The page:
When choosing the right air conditioner for your needs, one term you’ll often see is the SEER rating or seasonal energy efficiency ratio. Your unit’s SEER rating is a measure of your air conditioner’s cooling output divided by energy consumption. Newer central air conditioners have a SEER ranging from 13 to 25. A higher SEER number means over the life of the unit, its operating cost will be lower. The unit’s motor, compressor, and other factors help determine the rating. Air conditioners installed before 2006 are typically 10 SEER or lower.
The Impact of Air Conditioning Compressors
Energy-efficient cooling is typically one of the primary factors to consider when installing a new air conditioner. Your unit’s ability to operate efficiently is primarily affected by the type of compressor system that controls the cooling output of the system. There are three main types of compressors that you will come across when comparing air conditioner units.
Single Stage Air Conditioner
The most commonly found air conditioning compressor type has been around for decades. Single stage compressors turn on when the indoor temperature rises above the temperature setting on your thermostat. Once your target temperature is reached, the system turns off. This cycle will repeat regularly throughout the day resulting in fluctuating indoor temperatures. Operating at 100% capacity when on, single stage air conditioners are the least efficient option available. The upfront cost of a single stage system is fairly low while the operating cost is high.
Dual Stage Air Conditioner
Operating similarly to a single stage compressor, a dual or two stage compressor operates at two speeds. They turn on when your target temperature is exceeded but the cycle can run longer and at a lower speed, thus saving energy. These longer cycles result in more consistent indoor temperatures. In extreme heat, it will operate at 100% capacity, but the lower setting is usually around 65% capacity and can meet your demands the majority of the time. A dual stage system is in the middle ground of initial price and operating cost.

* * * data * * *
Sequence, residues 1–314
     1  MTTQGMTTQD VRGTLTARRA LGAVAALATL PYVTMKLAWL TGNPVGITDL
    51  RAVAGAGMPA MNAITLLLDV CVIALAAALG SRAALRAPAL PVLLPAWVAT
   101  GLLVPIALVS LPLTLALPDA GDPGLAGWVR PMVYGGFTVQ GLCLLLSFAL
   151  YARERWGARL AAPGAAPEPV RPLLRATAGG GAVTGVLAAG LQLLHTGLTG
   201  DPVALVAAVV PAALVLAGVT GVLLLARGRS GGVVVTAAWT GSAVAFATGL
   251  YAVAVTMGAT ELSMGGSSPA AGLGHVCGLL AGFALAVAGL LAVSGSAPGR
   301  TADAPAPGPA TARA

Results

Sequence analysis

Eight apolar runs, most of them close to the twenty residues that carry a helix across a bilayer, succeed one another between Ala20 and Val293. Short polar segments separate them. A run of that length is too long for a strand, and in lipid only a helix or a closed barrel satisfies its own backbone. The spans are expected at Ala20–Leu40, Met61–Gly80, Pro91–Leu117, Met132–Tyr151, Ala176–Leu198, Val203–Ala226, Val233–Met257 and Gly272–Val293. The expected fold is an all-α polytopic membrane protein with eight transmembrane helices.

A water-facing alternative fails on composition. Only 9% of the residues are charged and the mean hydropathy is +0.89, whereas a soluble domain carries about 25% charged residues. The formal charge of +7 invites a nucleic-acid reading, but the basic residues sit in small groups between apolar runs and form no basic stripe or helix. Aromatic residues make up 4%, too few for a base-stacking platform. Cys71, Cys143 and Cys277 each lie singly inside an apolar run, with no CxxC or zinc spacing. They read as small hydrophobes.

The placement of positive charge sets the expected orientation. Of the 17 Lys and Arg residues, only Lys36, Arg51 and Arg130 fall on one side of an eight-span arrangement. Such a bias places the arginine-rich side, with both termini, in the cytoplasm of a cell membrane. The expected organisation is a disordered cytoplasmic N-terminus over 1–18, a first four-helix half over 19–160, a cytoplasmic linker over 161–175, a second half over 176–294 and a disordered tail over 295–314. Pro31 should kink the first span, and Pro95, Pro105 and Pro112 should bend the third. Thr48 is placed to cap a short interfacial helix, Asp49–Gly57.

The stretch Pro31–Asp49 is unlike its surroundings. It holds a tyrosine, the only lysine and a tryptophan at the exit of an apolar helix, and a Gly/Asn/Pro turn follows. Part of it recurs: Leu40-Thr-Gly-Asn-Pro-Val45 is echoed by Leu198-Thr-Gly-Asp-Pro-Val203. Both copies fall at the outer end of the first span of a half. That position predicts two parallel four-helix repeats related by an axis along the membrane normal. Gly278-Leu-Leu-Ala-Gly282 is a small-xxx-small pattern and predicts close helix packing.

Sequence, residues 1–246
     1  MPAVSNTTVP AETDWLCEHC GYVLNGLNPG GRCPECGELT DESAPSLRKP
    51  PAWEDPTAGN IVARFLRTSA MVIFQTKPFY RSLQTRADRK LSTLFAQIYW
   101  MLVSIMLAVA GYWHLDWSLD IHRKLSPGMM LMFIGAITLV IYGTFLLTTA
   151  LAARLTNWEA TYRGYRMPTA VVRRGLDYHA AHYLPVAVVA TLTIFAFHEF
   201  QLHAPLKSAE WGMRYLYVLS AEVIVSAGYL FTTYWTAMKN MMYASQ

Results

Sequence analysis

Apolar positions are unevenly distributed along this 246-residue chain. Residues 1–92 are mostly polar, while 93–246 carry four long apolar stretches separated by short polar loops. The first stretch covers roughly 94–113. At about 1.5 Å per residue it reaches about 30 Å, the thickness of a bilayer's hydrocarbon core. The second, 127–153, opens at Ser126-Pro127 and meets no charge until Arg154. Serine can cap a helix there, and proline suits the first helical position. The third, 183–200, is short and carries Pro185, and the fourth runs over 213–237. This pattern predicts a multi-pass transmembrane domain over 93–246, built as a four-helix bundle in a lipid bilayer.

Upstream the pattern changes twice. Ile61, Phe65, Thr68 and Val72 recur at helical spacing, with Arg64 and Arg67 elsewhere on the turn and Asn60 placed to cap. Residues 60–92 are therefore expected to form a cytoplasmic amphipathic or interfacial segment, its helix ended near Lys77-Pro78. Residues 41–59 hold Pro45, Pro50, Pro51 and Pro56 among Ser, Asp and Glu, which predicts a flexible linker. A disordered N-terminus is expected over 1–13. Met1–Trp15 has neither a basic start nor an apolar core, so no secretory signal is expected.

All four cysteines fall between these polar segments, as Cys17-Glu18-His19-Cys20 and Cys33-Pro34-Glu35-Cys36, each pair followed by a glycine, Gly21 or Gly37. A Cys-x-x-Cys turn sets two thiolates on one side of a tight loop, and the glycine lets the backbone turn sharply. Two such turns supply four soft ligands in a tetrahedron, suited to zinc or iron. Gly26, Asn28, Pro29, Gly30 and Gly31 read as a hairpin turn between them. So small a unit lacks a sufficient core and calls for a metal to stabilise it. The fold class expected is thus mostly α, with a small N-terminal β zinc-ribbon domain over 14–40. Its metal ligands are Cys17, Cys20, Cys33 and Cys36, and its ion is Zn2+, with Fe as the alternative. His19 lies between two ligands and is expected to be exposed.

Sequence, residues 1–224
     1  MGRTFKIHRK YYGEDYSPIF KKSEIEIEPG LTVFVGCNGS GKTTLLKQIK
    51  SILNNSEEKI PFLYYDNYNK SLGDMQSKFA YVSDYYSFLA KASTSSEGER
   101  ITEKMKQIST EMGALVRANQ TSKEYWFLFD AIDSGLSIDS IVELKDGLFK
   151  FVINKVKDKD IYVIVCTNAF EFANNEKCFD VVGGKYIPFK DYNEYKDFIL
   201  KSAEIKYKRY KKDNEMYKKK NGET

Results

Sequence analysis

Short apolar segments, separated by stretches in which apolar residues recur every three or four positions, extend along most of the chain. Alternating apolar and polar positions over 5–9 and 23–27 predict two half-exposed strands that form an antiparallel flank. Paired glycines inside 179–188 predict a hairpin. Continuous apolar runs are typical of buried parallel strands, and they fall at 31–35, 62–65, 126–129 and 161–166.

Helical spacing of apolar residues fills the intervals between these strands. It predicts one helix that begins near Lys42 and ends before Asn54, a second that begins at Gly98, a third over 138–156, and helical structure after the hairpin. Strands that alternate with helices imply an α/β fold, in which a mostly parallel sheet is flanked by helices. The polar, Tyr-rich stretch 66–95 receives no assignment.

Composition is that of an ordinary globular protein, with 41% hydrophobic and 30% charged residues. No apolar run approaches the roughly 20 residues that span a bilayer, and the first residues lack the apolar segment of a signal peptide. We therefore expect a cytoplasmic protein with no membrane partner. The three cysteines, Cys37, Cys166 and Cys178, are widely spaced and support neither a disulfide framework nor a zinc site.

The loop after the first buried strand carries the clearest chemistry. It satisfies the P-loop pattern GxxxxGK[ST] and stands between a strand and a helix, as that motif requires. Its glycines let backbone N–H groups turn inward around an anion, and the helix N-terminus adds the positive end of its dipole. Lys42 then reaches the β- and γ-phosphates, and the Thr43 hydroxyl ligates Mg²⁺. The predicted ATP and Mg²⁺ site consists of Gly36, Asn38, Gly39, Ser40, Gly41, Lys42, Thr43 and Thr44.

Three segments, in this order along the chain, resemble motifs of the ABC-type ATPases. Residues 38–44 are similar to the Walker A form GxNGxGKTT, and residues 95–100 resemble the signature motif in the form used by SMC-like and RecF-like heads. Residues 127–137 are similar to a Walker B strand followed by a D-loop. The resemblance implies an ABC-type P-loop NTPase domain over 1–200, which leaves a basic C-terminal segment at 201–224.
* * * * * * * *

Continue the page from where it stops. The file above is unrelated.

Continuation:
Variable Speed (Inverter) Air Conditioner
The most efficient compressor is inverter driven. The inverter actively regulates the amount of power sent to the compressor, resulting in a very consistent indoor temperature. These variable speed air conditioners can operate as low as 25%-30% capacity for very long cycles that are very energy efficient. By constantly circulating cool air throughout your ducts, the inverter system operates quietly and gives you much more control over your indoor comfort. Because of the technology used they are more costly upfront but will typically last longer and can save you a lot on your energy bill.
Protect Your Investment
A new air conditioner is one of the more expensive purchases a homeowner can make. Every system the team at Oliver installs is backed by a 10 to 12-year warranty. We offer varying labor warranties depending on the system that is purchased. We also offer affordable HVAC maintenance plans that are designed to give you peace of mind. You’ll receive an annual inspection, priority service, two-year parts and labor warranties on all repairs, and more.
Trust the Air Conditioning Replacement Experts at Oliver
If your air conditioner is on the fritz, at the end of its life, or you simply want to install a more energy-efficient cooling system, Oliver is here to help. We have been providing reliable air conditioning services in the Delaware Valley for over 50 years. Our NATE-certified technicians can install a brand new air conditioner that will keep you and your family cool for years to come. We understand that choosing an air conditioner can be a daunting task that’s why we’re always available to answer any questions you may have when comparing air conditioning units. Schedule an appointment to discuss your cooling needs today.